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Cyber hackers more than doubled their global attack attempts in 2023 | #hacking | #cybersecurity | #infosec | #comptia | #pentest | #hacker | #hacking | #aihp


Computer hackers were busy in 2023, more than doubling their global attack attempts, with a particular focus on utilities and manufacturing organizations, according to a report from Armis, a San Francisco-based asset intelligence cybersecurity company.

Attack attempts increased 104% overall last year, but the increase was even greater for utilities (over 200% increase) and manufacturing (165% increase), the firm said in its report, “The Anatomy of Cybersecurity: A Dissection of 2023’s Attack Landscape.” Armis said its report highlights the multifaceted challenges global organizations face when it comes to protecting their “attack surface,” which includes the entire variety of technology devices that are vulnerable to cyberattack.

Among its key findings, the Armis report found that geopolitical tensions exacerbated the cybersecurity landscape in 2023. For example, cyberwarfare grew more widespread as Chinese and Russian actors attacked industries in the areas of manufacturing, educational services, and public administration.

Second, the report found that outdated “legacy” technology steepens the incline of cybersecurity pros’ existing up-hill battle. As an example, older Windows server OS versions (2012 and earlier) are 77% more likely to experience attack attempts compared to newer Windows Server versions. The threat is particularly acute for industries still using end-of-support (EoS) or end-of-life (EoL) software and hardware.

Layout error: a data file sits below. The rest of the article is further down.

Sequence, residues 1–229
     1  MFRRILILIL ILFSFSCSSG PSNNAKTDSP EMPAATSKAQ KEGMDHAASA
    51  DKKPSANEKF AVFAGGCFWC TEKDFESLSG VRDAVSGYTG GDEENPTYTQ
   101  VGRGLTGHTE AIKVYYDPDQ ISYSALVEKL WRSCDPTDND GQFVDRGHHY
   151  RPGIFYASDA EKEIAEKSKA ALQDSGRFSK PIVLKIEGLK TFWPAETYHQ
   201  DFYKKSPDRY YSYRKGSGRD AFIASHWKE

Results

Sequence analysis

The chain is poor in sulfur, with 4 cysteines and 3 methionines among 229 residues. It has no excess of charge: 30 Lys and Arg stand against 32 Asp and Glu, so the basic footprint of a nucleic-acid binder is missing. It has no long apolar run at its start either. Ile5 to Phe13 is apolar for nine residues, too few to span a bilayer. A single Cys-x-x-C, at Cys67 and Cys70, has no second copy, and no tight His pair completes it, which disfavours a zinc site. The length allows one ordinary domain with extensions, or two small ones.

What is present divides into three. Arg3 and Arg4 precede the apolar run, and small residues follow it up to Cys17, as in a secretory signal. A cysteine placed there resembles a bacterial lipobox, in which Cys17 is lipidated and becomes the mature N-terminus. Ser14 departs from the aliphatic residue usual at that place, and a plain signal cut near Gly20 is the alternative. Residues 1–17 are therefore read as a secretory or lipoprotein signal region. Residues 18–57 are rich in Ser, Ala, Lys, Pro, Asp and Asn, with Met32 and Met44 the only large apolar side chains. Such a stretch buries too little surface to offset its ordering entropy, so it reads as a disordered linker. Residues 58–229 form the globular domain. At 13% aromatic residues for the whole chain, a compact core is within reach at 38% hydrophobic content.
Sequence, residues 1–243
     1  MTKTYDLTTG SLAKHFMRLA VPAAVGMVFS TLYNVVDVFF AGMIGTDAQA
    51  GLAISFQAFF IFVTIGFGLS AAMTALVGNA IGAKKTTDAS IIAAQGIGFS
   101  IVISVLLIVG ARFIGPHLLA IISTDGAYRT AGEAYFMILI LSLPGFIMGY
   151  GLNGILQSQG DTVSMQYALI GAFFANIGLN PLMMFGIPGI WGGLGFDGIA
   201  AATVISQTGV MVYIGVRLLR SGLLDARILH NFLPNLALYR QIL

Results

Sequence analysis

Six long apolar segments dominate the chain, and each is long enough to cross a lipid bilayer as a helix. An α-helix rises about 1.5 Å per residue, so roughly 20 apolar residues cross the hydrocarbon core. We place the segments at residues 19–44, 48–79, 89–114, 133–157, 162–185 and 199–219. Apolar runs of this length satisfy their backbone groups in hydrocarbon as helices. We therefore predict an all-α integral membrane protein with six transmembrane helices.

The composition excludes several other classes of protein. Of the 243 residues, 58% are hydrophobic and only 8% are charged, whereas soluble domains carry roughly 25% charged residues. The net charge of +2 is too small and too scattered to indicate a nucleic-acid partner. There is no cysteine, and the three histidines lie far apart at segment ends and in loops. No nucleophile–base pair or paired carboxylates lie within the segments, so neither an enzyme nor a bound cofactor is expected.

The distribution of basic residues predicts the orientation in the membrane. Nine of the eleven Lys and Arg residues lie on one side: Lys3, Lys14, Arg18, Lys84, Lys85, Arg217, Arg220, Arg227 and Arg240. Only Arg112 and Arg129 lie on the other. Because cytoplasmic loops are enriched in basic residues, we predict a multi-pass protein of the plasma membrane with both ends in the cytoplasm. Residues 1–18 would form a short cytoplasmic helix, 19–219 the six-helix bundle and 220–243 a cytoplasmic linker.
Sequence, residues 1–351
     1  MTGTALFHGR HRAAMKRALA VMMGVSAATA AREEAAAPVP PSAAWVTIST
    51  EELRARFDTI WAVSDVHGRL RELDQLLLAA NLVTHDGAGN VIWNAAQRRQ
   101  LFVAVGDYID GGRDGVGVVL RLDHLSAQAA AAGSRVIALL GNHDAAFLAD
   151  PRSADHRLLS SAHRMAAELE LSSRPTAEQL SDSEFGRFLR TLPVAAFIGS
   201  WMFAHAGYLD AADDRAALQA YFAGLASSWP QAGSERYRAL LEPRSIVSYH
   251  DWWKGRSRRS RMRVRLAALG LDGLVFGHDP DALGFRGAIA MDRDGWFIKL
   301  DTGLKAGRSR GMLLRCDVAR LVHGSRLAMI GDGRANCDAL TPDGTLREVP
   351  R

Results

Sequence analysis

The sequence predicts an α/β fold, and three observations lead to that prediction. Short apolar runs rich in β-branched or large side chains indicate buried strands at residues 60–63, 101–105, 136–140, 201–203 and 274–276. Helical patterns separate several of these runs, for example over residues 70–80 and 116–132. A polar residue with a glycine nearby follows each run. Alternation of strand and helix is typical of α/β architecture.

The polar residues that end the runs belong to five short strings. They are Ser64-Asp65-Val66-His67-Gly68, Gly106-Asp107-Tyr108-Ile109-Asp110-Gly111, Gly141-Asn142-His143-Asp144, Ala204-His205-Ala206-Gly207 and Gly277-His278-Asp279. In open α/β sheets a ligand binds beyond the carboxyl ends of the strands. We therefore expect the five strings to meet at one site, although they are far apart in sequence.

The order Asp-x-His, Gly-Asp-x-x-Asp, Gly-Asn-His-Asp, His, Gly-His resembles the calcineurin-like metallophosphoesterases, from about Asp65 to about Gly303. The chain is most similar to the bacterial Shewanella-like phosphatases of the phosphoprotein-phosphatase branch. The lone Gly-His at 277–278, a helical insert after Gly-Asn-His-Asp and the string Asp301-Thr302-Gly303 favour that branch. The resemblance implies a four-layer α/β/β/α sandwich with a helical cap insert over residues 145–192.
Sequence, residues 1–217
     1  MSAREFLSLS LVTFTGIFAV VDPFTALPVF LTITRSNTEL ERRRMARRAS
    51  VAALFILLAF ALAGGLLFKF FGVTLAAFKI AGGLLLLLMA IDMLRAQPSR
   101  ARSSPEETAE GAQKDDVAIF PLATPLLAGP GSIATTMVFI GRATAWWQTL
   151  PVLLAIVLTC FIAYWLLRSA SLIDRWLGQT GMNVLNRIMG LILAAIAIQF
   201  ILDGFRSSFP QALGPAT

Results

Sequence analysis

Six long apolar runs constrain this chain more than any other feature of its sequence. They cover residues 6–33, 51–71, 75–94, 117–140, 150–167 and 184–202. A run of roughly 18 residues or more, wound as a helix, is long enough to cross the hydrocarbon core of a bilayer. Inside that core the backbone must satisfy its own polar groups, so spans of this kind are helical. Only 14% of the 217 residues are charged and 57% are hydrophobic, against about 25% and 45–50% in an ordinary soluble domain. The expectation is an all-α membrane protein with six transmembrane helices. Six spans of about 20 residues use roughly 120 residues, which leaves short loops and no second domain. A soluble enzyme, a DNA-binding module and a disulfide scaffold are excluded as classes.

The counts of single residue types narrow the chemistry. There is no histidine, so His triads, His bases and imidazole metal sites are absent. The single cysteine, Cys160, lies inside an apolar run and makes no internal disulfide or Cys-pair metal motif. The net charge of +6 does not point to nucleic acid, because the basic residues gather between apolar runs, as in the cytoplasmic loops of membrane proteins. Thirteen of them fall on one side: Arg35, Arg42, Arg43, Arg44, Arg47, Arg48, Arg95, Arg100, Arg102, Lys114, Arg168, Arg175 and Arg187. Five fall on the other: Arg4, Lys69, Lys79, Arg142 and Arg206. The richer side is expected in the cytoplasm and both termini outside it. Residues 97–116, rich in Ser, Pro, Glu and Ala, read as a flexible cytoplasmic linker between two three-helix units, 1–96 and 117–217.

Third, many businesses struggle to prioritize and remediate their vulnerabilities. One reason is their sheer number; there were over 65,000 unique common vulnerabilities and exposures (CVEs) discovered in 2023 alone. Of those, wearable devices have the highest percentage (93%) of unpatched CVEs. But organizations have a poor track record of fixing those security gaps for other devices too, with patch rates at just 62% for non-weaponized and 61% for weaponized vulnerabilities.

“Armis found that not only are attack attempts increasing, but cybersecurity blind spots and critical vulnerabilities are worsening, painting prime targets for malicious actors,” Nadir Izrael, Armis’ CTO and co-founder, said in a release. “It’s critical that security teams leverage similar intelligence defensively so that they know where to prioritize efforts and fill these gaps to mitigate risk. We hope that by sharing these insights, global businesses and governments will leverage them to immediately pinpoint what they should be focusing on to improve their cybersecurity posture this year to keep critical infrastructure, economies and society safe and secure.”

 

 

 

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